Migrations & Inequalities

Teresa Anderson: Human rights and the long shadow of the climate crisis

Inequality. Injustice. Missed opportunities. Yet, there is still room for optimism. “The more we tell this story, the more the politicians will feel the heat”, global lead on climate justice Teresa Anderson explains why “climate is, at its core, a human rights issue” and what it will take to get a successful COP27 that lays the groundwork for lasting positive change.

Flood and drought: Two sides of the same coin

From mid-June to the end of August 2022, Pakistan experienced record-breaking rainfall which led to unprecedented flooding in much of the country. This came off the back of a deadly heatwave just months before with peak temperatures above 50 degrees Celsius. What do these seemingly contrasting events have in common? “Extreme event attribution” helps scientists identify if there are human fingerprints on these extreme events.

Unheard voices: Climate vhange as a matter of social justice

by Ella Healy and Ana Ross

Inequalities exacerbated by climate change cannot be communicated without involving the frontline communities experiencing its worst impacts. Effective communication strategies serve to eradicate – rather than perpetuate – these inequalities, and offer a more nuanced, empowered representation of those most vulnerable to climate change.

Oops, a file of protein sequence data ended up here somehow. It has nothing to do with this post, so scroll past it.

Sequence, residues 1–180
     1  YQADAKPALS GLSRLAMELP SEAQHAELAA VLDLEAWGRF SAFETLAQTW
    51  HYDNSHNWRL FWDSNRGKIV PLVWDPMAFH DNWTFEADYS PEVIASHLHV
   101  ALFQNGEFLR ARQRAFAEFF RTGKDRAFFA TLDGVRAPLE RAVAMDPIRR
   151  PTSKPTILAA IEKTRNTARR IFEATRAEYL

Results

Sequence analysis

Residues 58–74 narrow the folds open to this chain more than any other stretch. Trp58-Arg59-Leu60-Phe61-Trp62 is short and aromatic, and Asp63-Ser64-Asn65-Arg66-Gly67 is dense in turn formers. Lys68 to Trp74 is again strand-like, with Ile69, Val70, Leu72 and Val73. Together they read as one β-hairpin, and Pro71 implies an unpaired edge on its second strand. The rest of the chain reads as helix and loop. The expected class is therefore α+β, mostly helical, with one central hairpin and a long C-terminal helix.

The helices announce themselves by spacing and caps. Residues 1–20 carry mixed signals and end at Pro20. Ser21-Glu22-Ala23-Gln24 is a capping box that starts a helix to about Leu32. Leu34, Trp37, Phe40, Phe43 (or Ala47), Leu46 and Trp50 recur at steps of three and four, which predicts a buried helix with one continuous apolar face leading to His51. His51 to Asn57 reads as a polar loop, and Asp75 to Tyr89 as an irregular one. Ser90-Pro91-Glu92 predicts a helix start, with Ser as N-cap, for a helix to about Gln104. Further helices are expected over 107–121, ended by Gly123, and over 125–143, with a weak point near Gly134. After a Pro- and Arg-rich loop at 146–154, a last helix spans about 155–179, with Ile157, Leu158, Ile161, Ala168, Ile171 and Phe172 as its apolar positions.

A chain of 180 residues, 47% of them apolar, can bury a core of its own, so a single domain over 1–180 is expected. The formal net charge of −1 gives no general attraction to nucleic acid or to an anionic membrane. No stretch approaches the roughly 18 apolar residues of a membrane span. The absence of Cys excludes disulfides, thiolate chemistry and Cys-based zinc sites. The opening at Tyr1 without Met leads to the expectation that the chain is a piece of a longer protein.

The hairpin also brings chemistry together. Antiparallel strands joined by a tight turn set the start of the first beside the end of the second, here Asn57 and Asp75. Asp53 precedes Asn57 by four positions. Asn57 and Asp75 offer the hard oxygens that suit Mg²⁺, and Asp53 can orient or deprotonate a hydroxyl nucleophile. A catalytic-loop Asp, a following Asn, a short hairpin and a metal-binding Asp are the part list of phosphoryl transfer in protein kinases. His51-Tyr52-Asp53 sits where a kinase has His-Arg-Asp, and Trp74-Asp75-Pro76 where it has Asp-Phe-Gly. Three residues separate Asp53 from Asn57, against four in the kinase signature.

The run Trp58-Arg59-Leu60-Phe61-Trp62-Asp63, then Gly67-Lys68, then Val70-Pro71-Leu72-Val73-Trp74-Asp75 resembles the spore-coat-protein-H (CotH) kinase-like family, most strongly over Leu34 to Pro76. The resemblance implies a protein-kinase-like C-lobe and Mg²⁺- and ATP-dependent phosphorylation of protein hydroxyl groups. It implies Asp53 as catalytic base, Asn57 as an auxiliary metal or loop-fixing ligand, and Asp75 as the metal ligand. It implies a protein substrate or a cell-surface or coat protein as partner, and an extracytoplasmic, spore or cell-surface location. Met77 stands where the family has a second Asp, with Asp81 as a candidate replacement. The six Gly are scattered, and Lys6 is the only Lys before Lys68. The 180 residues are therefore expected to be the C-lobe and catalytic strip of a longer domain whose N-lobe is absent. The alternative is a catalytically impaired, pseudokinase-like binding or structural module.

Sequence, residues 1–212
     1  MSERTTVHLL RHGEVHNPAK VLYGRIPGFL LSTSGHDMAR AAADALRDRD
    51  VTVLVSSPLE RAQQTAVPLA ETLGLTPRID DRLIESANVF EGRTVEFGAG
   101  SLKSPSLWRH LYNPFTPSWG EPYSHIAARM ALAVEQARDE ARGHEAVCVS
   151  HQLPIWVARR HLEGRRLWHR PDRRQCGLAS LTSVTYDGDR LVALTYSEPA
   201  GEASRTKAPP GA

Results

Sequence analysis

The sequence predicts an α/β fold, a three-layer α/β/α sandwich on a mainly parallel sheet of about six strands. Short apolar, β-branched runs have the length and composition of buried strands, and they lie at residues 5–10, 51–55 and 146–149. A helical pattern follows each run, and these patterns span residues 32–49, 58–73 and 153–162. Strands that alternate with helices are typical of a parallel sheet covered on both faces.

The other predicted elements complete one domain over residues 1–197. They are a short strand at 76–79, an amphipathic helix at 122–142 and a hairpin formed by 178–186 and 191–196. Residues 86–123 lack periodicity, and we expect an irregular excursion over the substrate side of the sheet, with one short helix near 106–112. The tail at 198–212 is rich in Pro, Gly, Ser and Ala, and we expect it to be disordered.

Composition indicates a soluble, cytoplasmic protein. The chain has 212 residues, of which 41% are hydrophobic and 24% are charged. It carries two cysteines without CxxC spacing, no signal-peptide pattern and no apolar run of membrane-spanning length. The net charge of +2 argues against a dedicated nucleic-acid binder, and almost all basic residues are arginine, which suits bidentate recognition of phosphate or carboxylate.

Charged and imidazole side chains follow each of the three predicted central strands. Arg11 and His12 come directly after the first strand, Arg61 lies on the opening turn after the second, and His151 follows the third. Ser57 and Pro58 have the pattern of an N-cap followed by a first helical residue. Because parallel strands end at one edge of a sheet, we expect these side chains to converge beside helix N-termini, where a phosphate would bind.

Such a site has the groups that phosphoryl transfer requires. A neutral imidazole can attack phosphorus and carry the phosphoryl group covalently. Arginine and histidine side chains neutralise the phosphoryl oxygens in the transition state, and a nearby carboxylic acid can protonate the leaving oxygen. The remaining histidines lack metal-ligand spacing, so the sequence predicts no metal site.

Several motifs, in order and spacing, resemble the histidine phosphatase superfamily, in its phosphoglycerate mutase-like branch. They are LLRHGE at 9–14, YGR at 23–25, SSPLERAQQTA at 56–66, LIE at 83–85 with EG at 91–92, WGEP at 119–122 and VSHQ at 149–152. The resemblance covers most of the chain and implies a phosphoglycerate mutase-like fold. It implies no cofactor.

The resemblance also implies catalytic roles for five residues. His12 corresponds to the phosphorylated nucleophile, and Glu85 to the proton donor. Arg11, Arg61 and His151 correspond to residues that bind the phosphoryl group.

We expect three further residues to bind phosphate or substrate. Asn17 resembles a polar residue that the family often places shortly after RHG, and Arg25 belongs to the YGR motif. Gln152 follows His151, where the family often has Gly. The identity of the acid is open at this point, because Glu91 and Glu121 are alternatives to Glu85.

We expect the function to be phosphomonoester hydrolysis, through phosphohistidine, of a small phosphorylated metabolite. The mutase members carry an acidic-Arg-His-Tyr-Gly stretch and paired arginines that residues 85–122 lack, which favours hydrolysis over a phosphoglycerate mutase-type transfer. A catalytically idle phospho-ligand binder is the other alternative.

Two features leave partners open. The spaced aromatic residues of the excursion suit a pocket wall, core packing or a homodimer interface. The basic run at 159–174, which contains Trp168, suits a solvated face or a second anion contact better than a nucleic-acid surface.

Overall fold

More with less. Visual stories of energy poverty

by Marco Garofalo

A camera can shine light on some of the main global problems and inequalities. Photo reporter Marco Garofalo, author of the project Energy Portraits, shares his story of documenting the importance of modern energy access for human development in Kenya, Tanzania, Ghana, Bolivia and India. Looking for “the best, most human, most comprehensible way” to tell the story of energy poverty.

Putting Children at the Center of the SDGs

Today’s children face an uncertain future. Climate change, conflicts, inequalities, and exploitative marketing practices threaten their health and wellbeing. Investing in children would bring global

The Cruel Irony of Climate Debt

Not only does climate change have a more significant impact on the economies of lower income countries, these also have to pay more for adaptation, recovery and redevelopment loans, leading them into the climate debt trap. With the added “cruel irony” that those less responsible for climate change are being made to pay a larger share of the price.

As the Climate Crisis Advances is it Time to Retreat?

Responding to a changing climate can be both a challenge and an opportunity. A new policy paper published in the journal Science advocates a strategic and managed climate retreat, curbing new developments in at risk areas and shifting the focus from ad hoc disaster measures to efficient and equitable retreat strategies.